While we don’t know how much President Donald Trump paid in taxes this year, or even if he paid any at all, most of the rest of us just filed with the IRS. With Trump’s escalation of U.S. military strikes in Syria (while he ate chocolate cake with China’s President Xi Jinping at Mar-a-Lago) and reports that more troops are headed to the region, as well as debuting the Mother of All Bombs in Afghanistan and issuing ominous threats to North Korea, it’s a great time to ask if the government is investing our hard-earned money in the right priorities to make the U.S. and the world more secure. Specifically, do more bombs, guns, warships and missiles make us safer?
Most people would probably answer “yes” to that question. However, the state of the world tells us otherwise. Trump has proposed a Pentagon budget increase of $54 billion, which is more than the entire annual military budget of Russia or the UK. The U.S. accounts for about 40 percent of global military expenditures at more than $600 billion per year, maintaining more than 800 foreign military bases, 10 aircraft carrier battle groups, the most sophisticated conventional military hardware ever created, and nearly 7,000 nuclear weapons.
Under President Obama, the U.S. initiated a so-called nuclear “modernization” program, projected to cost at least $1 trillion over the next three decades, to completely upgrade and overhaul the entire U.S. nuclear weapons complex, from weapons laboratories to warheads to the planes, missiles and submarines that deliver them. Predictably, every other nuclear state has followed suit, announcing their own nuclear modernization plans, so this should properly be dubbed The New Arms Race.
Russia has for some time been more, rather than less, dependent on nuclear weapons for its security, and North Korea, sadly but predictably, sees its nuclear arsenal as a deterrent or counter-balance to the overwhelming military, nuclear, economic and political power of the U.S./South Korea/Japan alliance. So it’s fair to ask if U.S. nuclear and conventional superiority encourages rather than deters nuclear proliferation, making Americans and the whole world less safe.
It isn’t just Russia and North Korea who maddeningly defy U.S. objectives in the world, but also various governments and armed groups in Syria, Iraq, Afghanistan, Yemen, Somalia, Libya and many other countries, as a cursory scan of the daily global news headlines shows us. Is adding even more military might supposed to magically change this equation? How will more nukes or submarines help defeat ISIS or al Qaeda?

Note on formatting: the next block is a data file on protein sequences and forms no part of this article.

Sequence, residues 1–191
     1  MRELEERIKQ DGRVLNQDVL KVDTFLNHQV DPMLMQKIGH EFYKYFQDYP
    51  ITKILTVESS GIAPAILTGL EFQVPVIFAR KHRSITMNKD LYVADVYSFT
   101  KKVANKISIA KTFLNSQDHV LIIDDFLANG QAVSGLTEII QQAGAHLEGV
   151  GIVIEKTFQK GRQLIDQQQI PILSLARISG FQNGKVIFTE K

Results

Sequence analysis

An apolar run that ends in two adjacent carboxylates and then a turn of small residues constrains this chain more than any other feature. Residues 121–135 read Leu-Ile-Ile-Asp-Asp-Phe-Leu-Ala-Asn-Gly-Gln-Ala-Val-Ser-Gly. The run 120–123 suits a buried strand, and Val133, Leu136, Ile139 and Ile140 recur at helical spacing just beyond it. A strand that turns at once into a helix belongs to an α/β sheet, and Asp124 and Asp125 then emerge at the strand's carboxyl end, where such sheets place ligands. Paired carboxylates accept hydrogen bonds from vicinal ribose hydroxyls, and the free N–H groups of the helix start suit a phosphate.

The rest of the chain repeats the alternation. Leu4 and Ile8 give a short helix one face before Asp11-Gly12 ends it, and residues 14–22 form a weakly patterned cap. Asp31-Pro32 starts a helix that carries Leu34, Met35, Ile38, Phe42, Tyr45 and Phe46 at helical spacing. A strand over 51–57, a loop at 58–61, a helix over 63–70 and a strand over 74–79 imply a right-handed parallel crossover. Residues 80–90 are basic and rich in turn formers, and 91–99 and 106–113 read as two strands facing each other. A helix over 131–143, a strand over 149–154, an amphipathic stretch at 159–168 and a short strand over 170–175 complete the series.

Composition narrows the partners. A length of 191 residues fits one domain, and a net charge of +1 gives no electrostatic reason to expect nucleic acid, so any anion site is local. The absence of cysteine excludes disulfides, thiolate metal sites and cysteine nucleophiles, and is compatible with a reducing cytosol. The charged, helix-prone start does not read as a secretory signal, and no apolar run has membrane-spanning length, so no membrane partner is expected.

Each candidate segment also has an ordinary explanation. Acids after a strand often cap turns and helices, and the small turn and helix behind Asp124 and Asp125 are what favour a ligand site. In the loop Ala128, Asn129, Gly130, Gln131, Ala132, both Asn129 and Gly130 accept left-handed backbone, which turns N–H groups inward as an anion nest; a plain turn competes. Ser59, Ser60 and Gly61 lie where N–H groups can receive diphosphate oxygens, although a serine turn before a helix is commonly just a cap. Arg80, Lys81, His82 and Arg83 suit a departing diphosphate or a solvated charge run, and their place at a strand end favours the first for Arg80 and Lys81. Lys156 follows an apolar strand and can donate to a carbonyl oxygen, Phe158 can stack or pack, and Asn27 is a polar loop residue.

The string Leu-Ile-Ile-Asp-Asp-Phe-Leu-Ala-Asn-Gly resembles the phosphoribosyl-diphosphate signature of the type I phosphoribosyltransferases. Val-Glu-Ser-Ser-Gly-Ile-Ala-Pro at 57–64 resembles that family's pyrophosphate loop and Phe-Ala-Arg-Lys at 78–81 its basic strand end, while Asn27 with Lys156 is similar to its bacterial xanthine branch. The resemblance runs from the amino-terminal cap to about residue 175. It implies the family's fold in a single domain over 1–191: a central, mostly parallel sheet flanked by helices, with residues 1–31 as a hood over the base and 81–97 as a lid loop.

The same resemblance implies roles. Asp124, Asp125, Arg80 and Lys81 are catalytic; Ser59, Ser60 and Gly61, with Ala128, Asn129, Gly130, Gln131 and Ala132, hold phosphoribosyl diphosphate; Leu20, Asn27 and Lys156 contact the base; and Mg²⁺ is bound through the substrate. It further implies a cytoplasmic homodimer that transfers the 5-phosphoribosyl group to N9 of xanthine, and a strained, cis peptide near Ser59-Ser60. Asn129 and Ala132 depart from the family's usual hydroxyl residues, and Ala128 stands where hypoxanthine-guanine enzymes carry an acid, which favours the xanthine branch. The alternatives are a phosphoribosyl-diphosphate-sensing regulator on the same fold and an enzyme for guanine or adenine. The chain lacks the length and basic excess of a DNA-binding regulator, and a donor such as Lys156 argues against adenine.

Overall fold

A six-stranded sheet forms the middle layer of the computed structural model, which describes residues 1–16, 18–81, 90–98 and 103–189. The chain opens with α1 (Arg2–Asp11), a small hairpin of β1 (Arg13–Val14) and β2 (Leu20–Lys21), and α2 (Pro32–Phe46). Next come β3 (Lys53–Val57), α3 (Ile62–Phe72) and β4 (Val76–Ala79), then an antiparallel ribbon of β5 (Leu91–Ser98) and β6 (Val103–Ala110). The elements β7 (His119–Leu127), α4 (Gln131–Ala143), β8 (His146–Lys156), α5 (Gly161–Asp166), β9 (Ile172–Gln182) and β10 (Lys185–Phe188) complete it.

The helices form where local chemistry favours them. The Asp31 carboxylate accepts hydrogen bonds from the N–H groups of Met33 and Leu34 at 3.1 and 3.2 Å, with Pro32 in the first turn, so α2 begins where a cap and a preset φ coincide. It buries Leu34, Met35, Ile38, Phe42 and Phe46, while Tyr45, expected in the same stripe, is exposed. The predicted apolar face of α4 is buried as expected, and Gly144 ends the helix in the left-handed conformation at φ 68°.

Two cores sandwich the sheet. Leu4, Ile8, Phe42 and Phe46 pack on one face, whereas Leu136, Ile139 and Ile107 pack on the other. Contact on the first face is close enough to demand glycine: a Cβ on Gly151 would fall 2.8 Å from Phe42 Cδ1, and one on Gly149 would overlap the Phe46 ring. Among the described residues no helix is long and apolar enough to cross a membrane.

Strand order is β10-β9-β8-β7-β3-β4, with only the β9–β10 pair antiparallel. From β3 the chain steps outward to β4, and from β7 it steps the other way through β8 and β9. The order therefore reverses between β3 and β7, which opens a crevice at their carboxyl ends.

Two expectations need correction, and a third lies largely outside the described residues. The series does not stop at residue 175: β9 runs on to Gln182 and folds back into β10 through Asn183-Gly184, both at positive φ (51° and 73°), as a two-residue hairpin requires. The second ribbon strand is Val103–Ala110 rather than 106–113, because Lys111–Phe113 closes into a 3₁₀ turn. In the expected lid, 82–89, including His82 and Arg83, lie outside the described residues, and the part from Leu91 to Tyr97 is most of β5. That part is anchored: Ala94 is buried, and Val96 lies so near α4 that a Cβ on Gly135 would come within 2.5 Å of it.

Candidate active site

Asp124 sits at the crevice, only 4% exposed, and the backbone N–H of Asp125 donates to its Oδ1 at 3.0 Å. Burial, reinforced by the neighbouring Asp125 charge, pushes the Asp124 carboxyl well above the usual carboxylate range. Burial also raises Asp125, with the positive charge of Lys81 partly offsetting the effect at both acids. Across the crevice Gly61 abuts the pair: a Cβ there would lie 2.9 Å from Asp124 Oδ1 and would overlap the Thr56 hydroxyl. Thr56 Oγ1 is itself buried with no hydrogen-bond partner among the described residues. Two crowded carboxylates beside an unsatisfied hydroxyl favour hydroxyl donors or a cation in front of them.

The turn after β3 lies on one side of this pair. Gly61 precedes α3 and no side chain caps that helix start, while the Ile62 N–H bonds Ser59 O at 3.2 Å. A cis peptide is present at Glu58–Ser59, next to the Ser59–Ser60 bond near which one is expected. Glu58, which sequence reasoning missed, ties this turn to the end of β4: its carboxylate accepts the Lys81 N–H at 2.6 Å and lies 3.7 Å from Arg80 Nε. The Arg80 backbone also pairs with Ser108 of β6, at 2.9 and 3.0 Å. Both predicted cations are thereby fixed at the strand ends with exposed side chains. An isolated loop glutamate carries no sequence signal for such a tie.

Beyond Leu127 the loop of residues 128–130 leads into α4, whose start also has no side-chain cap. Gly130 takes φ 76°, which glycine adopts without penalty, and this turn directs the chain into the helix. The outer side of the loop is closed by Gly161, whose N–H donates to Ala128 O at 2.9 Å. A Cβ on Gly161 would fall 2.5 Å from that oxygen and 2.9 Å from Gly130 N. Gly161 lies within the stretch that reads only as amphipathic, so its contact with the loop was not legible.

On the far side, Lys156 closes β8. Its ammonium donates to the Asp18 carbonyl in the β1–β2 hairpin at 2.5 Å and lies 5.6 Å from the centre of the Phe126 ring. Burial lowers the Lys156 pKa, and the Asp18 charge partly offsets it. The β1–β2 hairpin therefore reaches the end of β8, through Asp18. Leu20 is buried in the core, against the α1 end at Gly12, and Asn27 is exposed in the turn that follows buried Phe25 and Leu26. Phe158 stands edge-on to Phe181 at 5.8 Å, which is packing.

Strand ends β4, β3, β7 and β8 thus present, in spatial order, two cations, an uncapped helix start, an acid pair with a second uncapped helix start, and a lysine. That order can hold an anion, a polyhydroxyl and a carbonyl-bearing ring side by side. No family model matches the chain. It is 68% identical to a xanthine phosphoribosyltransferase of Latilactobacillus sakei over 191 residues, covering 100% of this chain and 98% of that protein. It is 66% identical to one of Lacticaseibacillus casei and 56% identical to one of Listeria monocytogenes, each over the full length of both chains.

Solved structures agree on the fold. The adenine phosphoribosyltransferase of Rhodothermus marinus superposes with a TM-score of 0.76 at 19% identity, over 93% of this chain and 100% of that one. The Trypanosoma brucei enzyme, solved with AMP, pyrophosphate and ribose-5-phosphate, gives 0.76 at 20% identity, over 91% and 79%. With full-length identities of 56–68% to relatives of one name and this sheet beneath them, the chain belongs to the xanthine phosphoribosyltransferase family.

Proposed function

At the same time as Trump proposes to add to Pentagon bloat — the Pentagon admits to having lost tens of billions of dollars and has never passed an audit — he wants to slash spending on human needs in our communities and of course environmental programs. In the international security realm, he also proposes to gut funding for the State Department, United Nations World Food Programme and U.S. Agency for International Development that provide life saving food and medical supplies to impoverished and war torn countries, thus making the job of the U.S. military more difficult as poverty and climate change drive armed conflict around the world.
Trump, who portrays himself as the ultimate deal-maker, ought to know diplomacy is far cheaper, safer and more effective at resolving conflict than building up and utilizing our considerable military might. While he likes to disparage every program of his predecessor, he has not sought to overturn President Barack Obama’s most significant foreign policy successes, the Iran nuclear agreement which closed off Iran’s potential path to getting the Bomb, and the opening to Cuba.
Trump should do a deal with North Korea. It’s not rocket science, and perhaps he could enlist former President Jimmy Carter, who successfully defused tensions with North Korea twice, as a special envoy. Earlier this year, the administration scuttled unofficial but promising diplomatic talks when it canceled the visas of a North Korean delegation scheduled to come to New York. China has floated the idea of a North Korean nuclear and missile program freeze in exchange for the U.S. canceling its provocative war games with South Korea, an idea Pyongyang had signaled interest in recently.
As the president has admitted, some issues are more complicated than he thought when he took office. In the words of Winston Churchill, jaw jaw is better than war war. Both Secretary of State Rex Tillerson and Vice President Mike Pence have stated, “all options are on the table,” (which includes using nuclear weapons) regarding North Korea, except the only good one, diplomacy. If Trump wants to live up to his maverick reputation, he should ignore the conventional wisdom that more bombs will make us safer, and invest in smart, tough negotiations instead.